Changing paradigms

On course to an eco-friendly world

by Davide Magnolia

Lawyer at   LCA Studio Legale

The recent case of the grounding of the Ever Given in the Suez Canal has led to various considerations, not only on the economic repercussions on a global scale of such an event, but also on the broader issue of polluting emissions and the consequent impact on the environment and health of the so-called “naval gigantism” phenomenon.

Maritime transport generates an important share of the polluting emissions produced in our country, estimated at 940 million tonnes of CO2 per year, the equivalent of about 2.5% of global greenhouse gas emissions. To make matters worse, Italy’s particular morphology has meant that cities were historically built around maritime trade hubs, with the effect that today the main ports are located in densely populated areas (if not even in city centers).

It is therefore essential to move towards a policy of decarbonization of the entire transport sector. In this context, the issue of cold ironing (i.e., quay electrification) comes into play, which is the system that allows ships to turn off their main and auxiliary engines while in port, receiving the energy needed to keep functioning from the shore. The process is based on the connection of the vessel to the electrical network on land, so as to be able to turn off their engines and get their emissions down to zero in port.

The supply of energy from the electrical network would have positive effects on both the quality of the air in residential areas and the containment of noise emissions. Although there are clear advantages, for some segments (like cruise ships, which due to their size may require a greater use of energy than other types of vessels) and port areas, other measures aimed at reducing emissions may be more suitable and more convenient. Not to mention that opting for cold ironing entails high installation costs (this technology requires both quay electrification and modifying the ship in order to connect it to the network) and with the equally high costs of electricity consumption.

In short, cold ironing is certainly not the solution but it is one of the solutions. The recent report prepared jointly by Enel X and Legambiente (Italian environmentalist association – translator’s note) on “Green Ports: the route to sustainable development” indicated the best practices for greater sustainability in ports. The main guidelines are, in fact, the development of cold ironing, the decarbonization of maritime transport, implementing links between ports and the rail network for setting up green corridors and finally the electrification of shortsea shipping

Among the key policy actions, identified in the report, to which priority should be given in 2021, the following have been indicated (i) the establishment of an electricity tariff specifically for cold ironing, making it competitive compared to using ship engines (ii) public funding  or co-funding schemes to accelerate the transition of the Italian port system towards sustainability (a path already initiated in other European countries) (iii) the promotion of the progressive use of renewable energy sources in ports, (iv) a national roadmap providing for the electrification of the entire port system and, finally, (v) the development of interconnections with the national railway system to encourage electrically-powered transport and rail transport over medium and long distances. As an example, the cold ironing of the 39 Italian ports of the TEN-T network alone would avoid the combustion of over 635,000 tonnes of marine diesel fuel every year.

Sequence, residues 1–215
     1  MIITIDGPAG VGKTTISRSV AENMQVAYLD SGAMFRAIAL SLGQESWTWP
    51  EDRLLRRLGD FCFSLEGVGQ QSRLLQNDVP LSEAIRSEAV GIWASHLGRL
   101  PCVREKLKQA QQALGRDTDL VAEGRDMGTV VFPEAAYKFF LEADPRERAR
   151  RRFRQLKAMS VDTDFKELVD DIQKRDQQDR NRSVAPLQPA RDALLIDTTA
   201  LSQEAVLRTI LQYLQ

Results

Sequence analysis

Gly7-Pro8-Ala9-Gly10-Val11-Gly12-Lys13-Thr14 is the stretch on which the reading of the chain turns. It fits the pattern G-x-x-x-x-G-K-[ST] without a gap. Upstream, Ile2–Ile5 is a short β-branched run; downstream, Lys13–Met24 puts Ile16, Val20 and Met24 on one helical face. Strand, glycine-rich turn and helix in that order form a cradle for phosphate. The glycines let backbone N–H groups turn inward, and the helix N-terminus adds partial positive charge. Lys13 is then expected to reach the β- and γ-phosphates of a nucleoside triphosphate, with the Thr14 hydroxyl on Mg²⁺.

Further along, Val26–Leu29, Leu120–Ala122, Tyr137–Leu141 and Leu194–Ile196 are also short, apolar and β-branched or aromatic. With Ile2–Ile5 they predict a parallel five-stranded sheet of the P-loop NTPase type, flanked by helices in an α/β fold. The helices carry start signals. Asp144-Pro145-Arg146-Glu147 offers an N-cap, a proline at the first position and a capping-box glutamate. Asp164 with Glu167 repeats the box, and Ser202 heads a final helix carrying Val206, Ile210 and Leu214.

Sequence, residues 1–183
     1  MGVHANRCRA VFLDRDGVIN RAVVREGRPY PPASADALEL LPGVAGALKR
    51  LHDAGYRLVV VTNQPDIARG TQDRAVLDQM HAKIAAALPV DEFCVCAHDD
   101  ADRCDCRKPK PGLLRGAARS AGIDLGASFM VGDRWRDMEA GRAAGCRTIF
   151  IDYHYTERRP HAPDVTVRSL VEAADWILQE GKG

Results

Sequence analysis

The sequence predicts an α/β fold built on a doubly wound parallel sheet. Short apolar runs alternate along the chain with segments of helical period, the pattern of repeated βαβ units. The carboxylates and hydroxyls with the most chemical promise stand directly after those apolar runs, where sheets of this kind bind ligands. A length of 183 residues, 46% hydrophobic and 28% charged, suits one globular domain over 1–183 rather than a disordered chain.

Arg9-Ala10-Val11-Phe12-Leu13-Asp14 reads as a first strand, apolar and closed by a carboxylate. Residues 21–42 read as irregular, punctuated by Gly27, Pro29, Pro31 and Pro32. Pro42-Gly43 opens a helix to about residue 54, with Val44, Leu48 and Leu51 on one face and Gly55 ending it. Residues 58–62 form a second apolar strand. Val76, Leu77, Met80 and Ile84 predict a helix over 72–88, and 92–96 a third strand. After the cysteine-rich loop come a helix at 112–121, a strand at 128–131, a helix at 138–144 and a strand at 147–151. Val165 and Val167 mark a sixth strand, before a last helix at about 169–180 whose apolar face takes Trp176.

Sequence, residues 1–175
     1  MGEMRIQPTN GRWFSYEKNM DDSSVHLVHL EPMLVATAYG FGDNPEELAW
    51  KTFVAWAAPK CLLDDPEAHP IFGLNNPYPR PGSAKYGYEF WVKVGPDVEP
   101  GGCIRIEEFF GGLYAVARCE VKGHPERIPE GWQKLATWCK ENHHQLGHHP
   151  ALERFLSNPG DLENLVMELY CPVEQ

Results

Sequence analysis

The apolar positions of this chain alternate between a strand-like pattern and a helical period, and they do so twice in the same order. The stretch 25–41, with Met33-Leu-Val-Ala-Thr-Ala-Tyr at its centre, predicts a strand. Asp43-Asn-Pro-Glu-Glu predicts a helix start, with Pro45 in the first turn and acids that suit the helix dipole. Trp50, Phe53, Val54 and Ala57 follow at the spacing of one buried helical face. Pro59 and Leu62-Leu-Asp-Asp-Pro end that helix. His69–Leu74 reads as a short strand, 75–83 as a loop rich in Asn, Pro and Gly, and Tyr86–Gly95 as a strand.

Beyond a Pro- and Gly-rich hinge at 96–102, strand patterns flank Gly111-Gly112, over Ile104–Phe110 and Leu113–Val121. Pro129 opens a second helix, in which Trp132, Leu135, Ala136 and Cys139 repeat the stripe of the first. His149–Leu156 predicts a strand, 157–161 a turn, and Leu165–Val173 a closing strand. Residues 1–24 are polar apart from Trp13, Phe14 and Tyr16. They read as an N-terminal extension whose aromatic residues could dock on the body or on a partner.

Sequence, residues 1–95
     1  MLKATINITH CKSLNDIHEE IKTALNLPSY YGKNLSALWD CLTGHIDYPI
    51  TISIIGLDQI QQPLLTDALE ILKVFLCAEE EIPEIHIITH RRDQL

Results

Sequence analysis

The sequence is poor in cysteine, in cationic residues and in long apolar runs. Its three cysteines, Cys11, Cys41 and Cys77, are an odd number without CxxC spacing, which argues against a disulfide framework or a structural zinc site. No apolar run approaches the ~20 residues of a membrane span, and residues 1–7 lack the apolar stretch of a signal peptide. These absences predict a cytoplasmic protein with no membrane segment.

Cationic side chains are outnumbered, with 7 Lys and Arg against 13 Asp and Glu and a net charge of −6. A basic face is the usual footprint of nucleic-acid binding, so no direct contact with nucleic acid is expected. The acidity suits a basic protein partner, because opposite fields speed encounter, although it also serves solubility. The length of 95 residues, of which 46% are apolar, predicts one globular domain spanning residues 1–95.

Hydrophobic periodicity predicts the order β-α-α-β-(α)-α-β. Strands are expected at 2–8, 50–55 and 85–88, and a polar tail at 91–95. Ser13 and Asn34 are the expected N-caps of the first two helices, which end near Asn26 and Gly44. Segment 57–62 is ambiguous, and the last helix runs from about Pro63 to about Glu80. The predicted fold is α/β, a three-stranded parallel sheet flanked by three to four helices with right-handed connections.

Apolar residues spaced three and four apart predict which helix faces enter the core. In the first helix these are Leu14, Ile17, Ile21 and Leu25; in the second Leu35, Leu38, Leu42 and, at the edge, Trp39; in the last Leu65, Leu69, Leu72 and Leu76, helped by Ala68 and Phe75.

Therefore, teamwork from the whole sector is needed and the first step is certainly the drafting of the Energy and Environmental Planning Document of the Port System (DEASP) that the individual Port Network Authorities must promote on the basis of guidelines adopted by the Ministry of Environment as provided by Legislative Decree no. 169 of August 4, 2016 as amended by Legislative Decree no. 232 of December 13, 2017.  The DEASP, in addition to defining the green strategies and policies of the port system, should also identify concrete measures to improve energy efficiency and promote the use of renewable energy.

At international level, in line with the temperature containment targets agreed at the Paris Climate Conference, EU Directive 2016/802 of the European Parliament has already stipulated that ships berthed for more than two hours in EU ports must either use fuels with a sulfur content of no more than 0.1% or switch off their engines. If we just consider the European scene, the port of Marseilles has long since implemented three new shore-side electricity supply systems for ferries and by 2025 has the ambitious goal of becoming a 100% electric port. The port of Rotterdam is expected to install ten shore power systems shortly, helping to accelerate the supply of shore-side electricity. The investment is expected to be in the range of 125 million euros.

The time is ripe for a decisive change of course and for a rethinking the entire system, which must necessarily have as its objective a global vision aimed at limiting emissions from the entire supply chain as a whole. One of the first steps is certainly to implement a clear paradigm shift in the port sector (which might appear to the less attentive as a Copernican revolution, but which is already underway): the transition from a ship-to -shore /shore-to-ship focused model in which the port and the port community will (re)acquire their natural centrality.

So, it’s really the right time to say “full steam ahead!”

Translation by Giles Foster

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